Vitamins, Minerals, Antioxidants, and Other Nutrients to Hack Mood and Cognitive Performance

by John Limansky, MD September 19, 2018 4 min read

Vitamins, Minerals, Antioxidants, and Other Nutrients to Hack Mood and Cognitive Performance

While biohacking can have profound effects on physical health and performance, perhaps even more valuable are the benefits it can have on cognitive performance, the ability to manage stress, and overall mood. A better outlook, a sharper mind, and the ability to handle stressful situations with grace and ease lead to improved performance at work, happier and healthier relationships, and increased satisfaction with life in general.

Lifestyle techniques, such as getting good sleep, exercise, mindfulness, breathing exercises, and meditation are generally the best techniques for hacking your mental and emotional state, but nutrition can play a major role in supporting these lifestyle changes, and maximizing their benefits. There are a number of vitamins, minerals, antioxidants, and other nutrients that support brain and nervous system health, promote calm and relaxed states of mind, and improve your ability to manage stress.

Vitamin D

Vitamin D is synthesized naturally in the body from cholesterol, when the skin is exposed to ultraviolet light in sunlight. It crosses the blood-brain barrier, and regulates the synthesis of neurotrophins and neurotransmitters. Insufficient levels of vitamin D are associated with numerous adverse neurological effects involving executive brain functions such as working memory, multitasking, and information processing, and have also been associated with depressed mood.

Because so many people in the modern world spend a majority of their time inside, and lack of exposure to sunlight tends to decrease vitamin D levels, deficiencies are widespread. The simplest way to support vitamin D levels is to spend more time outside in direct sunlight, allowing the body to naturally synthesize the vitamin. But vitamin D can also be found in many foods, including fatty fish such as tuna, salmon, and mackerel, fish oils, and egg yolks, as well as in supplement form. If you choose to take a vitamin D supplement, choose a D3 supplement over D2, because it is more readily absorbed by the body.

Omega-3 Fatty Acids

Omega-3 fatty acids are a class of polyunsaturated fatty acids that include α-linolenic acid (ALA), eicosapentaenoic acid (EPA), and docosahexaenoic acid (DHA). In addition to supporting heart health by decreasing blood pressure and lowering triglyceride levels in the blood, omega-3 fatty acids have been found to reduce symptoms of depression, and improve memory performance, attention span, and executive function. Omega-3 deficiencies have been shown to correlate with increased risk of depression, bipolar disorder, and schizophrenia.

EPA and DHA are primarily found in fatty fish such as salmon and tuna, and ALA is found in nuts, grass-fed animal fats, and eggs from free-range chickens. Omega-3 fatty acids are also available in supplement form, most often as fish oil or krill oil.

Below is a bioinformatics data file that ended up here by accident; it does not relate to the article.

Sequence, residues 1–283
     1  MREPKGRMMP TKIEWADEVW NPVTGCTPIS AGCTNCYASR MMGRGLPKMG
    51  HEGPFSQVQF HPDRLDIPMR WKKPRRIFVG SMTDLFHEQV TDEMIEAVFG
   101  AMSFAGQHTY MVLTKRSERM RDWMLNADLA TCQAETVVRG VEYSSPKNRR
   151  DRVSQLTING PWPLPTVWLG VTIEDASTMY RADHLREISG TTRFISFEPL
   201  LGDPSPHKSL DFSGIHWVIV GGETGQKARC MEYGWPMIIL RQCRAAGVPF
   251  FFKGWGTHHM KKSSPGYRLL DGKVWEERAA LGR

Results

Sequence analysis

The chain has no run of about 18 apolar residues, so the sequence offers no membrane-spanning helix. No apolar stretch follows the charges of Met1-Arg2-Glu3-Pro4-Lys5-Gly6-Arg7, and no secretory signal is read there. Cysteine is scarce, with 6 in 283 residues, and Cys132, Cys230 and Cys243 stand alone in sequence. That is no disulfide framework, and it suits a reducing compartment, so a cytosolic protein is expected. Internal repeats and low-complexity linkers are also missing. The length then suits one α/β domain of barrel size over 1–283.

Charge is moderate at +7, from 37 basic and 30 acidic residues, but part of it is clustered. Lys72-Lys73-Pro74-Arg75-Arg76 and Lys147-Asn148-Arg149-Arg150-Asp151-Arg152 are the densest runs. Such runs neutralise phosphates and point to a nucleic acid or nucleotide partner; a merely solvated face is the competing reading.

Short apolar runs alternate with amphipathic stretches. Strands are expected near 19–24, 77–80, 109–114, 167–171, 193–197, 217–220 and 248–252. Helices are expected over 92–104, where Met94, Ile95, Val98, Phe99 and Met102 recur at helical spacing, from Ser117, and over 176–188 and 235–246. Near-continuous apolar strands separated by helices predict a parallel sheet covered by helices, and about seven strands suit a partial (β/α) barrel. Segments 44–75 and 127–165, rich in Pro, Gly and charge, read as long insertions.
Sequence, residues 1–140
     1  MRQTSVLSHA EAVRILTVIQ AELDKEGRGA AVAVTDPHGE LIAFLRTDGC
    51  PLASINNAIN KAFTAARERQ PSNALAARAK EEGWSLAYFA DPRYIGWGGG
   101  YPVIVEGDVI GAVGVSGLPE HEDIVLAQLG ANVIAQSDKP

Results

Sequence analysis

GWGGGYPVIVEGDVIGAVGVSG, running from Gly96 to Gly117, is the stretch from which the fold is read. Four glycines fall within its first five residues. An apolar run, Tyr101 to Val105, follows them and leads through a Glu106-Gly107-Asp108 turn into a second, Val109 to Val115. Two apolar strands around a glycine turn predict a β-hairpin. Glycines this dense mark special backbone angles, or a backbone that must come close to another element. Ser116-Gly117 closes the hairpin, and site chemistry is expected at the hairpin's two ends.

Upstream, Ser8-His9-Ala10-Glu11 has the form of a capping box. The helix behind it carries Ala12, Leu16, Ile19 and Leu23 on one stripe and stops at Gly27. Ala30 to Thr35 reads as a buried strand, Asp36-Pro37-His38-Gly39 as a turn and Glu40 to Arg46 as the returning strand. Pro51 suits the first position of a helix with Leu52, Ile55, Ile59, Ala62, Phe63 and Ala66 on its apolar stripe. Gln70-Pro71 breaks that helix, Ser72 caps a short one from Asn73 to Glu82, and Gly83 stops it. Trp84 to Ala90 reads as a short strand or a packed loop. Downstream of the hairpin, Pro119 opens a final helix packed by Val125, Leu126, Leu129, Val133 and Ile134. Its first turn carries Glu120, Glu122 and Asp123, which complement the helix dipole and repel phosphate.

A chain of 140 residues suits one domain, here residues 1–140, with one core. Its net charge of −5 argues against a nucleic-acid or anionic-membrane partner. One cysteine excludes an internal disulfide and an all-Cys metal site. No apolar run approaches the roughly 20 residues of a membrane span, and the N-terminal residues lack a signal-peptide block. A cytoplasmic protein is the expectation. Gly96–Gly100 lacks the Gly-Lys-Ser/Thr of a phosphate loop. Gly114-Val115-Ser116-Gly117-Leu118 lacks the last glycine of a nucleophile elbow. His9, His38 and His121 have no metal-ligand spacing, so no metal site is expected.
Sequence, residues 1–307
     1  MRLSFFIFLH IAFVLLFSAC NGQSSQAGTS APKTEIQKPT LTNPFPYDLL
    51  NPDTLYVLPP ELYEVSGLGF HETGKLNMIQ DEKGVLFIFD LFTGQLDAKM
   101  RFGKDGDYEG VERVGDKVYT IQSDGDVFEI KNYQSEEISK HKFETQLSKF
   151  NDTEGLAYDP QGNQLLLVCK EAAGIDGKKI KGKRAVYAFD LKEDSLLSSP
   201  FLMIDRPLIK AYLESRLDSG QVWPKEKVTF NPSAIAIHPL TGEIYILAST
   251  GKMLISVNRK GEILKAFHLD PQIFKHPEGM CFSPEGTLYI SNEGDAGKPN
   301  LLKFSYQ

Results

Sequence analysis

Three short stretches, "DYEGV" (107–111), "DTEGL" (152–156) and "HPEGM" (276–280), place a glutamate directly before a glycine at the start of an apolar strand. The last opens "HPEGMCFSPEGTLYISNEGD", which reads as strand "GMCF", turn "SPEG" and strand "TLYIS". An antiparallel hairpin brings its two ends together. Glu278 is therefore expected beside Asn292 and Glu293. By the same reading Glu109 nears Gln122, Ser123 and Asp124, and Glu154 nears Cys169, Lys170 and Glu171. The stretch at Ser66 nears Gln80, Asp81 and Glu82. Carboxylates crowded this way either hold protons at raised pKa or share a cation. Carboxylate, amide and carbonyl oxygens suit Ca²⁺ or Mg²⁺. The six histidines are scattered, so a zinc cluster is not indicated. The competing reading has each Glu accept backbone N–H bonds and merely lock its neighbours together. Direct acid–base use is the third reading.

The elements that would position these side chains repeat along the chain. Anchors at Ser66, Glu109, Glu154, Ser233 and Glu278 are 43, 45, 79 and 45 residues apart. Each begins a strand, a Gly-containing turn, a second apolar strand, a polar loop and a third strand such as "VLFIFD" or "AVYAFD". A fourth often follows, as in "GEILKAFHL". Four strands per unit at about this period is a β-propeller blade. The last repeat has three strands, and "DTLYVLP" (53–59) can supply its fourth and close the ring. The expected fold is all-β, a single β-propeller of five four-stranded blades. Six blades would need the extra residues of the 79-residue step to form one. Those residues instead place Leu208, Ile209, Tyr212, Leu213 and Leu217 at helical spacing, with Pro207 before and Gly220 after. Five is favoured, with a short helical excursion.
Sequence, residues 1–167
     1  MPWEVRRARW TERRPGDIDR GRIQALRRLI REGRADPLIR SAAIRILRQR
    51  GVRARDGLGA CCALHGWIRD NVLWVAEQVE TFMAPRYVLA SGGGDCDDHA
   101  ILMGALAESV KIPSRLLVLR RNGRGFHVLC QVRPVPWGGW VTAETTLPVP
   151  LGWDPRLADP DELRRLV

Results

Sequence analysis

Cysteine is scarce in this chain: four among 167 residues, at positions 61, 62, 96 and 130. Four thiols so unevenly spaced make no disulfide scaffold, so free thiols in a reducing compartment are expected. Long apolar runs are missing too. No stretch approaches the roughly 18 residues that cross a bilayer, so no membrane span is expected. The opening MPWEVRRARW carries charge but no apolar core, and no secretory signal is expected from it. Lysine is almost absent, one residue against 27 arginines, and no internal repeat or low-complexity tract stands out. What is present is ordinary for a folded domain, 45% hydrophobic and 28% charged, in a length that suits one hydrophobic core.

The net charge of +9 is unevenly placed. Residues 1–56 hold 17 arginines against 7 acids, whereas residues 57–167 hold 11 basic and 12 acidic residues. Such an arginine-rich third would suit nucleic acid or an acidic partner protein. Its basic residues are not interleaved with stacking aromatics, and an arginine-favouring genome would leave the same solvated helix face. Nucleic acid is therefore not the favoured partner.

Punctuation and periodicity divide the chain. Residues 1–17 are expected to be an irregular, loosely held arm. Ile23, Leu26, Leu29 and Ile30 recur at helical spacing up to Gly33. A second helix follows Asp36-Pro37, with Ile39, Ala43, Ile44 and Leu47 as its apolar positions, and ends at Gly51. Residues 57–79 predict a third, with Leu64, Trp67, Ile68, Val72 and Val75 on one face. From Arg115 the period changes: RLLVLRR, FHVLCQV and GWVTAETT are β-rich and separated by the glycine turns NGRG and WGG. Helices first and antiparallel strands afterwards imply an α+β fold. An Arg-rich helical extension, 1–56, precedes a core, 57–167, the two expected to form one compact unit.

Magnesium is an essential mineral that the body uses as an electrolyte and mineral cofactor for hundreds of enzymes. It’s estimated that nearly 70 percent of the US population does not meet the recommended daily intake of magnesium, meaning magnesium deficiency is very common. Increasing magnesium intake has been shown to improve sleep quality by increasing slow wave sleep, decrease stress levels and improve stress management, and decrease symptoms of attention-deficit hyperactivity disorder (ADHD).

Magnesium can be taken as a supplement, generally before bedtime, or found in many foods including leafy green vegetables, nuts, fish, and avocados.

B Vitamins

B vitamins are important for overall health, and B6 and B12 in particular are helpful for boosting cognitive function and mood. B6 has been shown to substantially improve both short-term and long-term memory, and adequate levels of B6 are associated with lower levels of methylmalonic acid and homocysteine, two biomarkers that correlate with cognitive decline. B12 is essential to the body for DNA synthesis, creating new red blood cells, and maintaining neurologic function. Deficient levels of B12 have been consistently associated with symptoms of depression.

Both B6 and B12 are found in fish, meat, and eggs, and can be obtained as supplements, often in the form of B complexes which include all of the essential B vitamins.


Astaxanthin is carotenoid compound with antioxidant and anti-inflammatory properties, which can help prevent damage to cells throughout the body, especially in the brain. It has been shown to reduce neuronal and ganglion cell damage at the molecular level, and improve memory performance. It is most commonly found in seafood like lobster, salmon, crab, and krill, and can be found in supplement form.


L-tyrosine is an amino acid, and a precursor for the body’s production of norepinephrine and dopamine. Studies have shown L-tyrosine can substantially improve stress management. Chronic stress depletes the body’s supply of norepinephrine, leading to increased blood pressure and impaired short-term memory. Intake of L-tyrosine supports increased norepinephrine levels, helping counter this stress-induced deficiency, thereby reducing the impact of stress on cognitive performance, mood, and blood pressure.

L-tyrosine is found in many foods, including spirulina, eggs, fish, poultry, pork, moose, and elk, and is widely available as a supplement.


John Limansky, MD
John Limansky, MD